Or in my case, art saved my life.
Like I said in my previous post, I used poetry to purge a lot of the dark feelings that I had when I was a pre-teen/teenager. Writing was a way of venting my frustrations, hurts and secrets without talking to a real person. That may seem kind of sad, but it was useful, and I don’t want to think what could have become of me if I hadn’t written so much during those times.
I still use writing to purge feelings, but I mostly use it to explore the human condition and range of emotions. I guess that gets back to my interest in sociology and how groups manage in an ever-changing world. Many of the scenes in my upcoming novel The Source explores various situations and how a person might act/react in that environment. For me, writing a novel is a many-months process of thinking about “you can’t know what you would do unless you were in my shoes.” In many ways, the writing helps me to develop as a person as it forces me to look at things from different perspectives – but only because I choose to write in that style. There are many writers who write content that is only for mindless entertainment for the reader, and that’s completely valid. If there wasn’t a need for that type of escapism, then there wouldn’t be such a large market for trashy romance novels. Not everyone gets lost in Shakespeare.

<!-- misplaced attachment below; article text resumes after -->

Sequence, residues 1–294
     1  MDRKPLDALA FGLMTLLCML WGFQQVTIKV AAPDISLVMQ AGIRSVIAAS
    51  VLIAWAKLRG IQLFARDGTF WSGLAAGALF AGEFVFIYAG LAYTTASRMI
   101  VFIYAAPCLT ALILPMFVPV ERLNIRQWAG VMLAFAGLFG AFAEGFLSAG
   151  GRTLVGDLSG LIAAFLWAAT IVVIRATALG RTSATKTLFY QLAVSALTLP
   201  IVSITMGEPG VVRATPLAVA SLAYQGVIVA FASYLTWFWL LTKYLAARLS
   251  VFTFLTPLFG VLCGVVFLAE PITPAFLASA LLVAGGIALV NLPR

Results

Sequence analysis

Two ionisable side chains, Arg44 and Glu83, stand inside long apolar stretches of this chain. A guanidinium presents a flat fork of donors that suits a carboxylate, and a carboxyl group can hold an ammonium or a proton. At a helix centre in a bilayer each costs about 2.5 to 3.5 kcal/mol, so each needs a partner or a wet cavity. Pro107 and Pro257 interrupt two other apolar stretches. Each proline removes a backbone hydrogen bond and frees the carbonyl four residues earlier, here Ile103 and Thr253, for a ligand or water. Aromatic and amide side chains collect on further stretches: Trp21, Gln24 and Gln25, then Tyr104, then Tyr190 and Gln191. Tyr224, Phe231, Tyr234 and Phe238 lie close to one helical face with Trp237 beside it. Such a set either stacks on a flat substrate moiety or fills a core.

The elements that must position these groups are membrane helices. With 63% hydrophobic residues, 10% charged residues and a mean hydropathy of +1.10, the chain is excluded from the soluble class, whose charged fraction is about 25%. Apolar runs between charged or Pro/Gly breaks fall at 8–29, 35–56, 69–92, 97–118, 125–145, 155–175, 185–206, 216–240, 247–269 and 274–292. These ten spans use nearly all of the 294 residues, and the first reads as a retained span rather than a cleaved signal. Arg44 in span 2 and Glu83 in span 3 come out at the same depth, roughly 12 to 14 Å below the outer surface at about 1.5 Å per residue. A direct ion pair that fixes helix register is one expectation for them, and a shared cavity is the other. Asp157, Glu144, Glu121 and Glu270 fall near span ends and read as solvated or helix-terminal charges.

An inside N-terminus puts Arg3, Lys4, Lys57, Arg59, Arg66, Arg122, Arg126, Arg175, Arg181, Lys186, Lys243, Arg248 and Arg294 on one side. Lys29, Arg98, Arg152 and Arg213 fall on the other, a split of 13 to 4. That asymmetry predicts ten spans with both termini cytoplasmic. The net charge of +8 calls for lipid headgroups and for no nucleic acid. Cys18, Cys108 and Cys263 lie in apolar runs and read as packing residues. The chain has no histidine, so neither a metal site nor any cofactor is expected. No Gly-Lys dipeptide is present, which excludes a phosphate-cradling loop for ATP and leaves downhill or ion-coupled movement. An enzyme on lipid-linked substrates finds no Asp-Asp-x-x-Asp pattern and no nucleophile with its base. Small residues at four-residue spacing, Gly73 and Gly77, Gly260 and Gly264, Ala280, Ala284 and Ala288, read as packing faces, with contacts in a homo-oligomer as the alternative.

And not that I’m comparing myself to Shakespeare. Far from it. With Shakespeare, the reader is taken on a journey of humanity. In my writing, it’s me who is on the journey and everyone else is along for the ride. Who knows whether anyone will ever get anything “deep” from my novels. I sure hope so. But even if it allows readers to relax for a few minutes a day, then I will feel successful. That would actually be beyond success. For me, the writing is success in itself if I am lucky enough to better understand people and be more compassionate because of it. For anyone to enjoy it? Well, that’s just extra gravy goodness.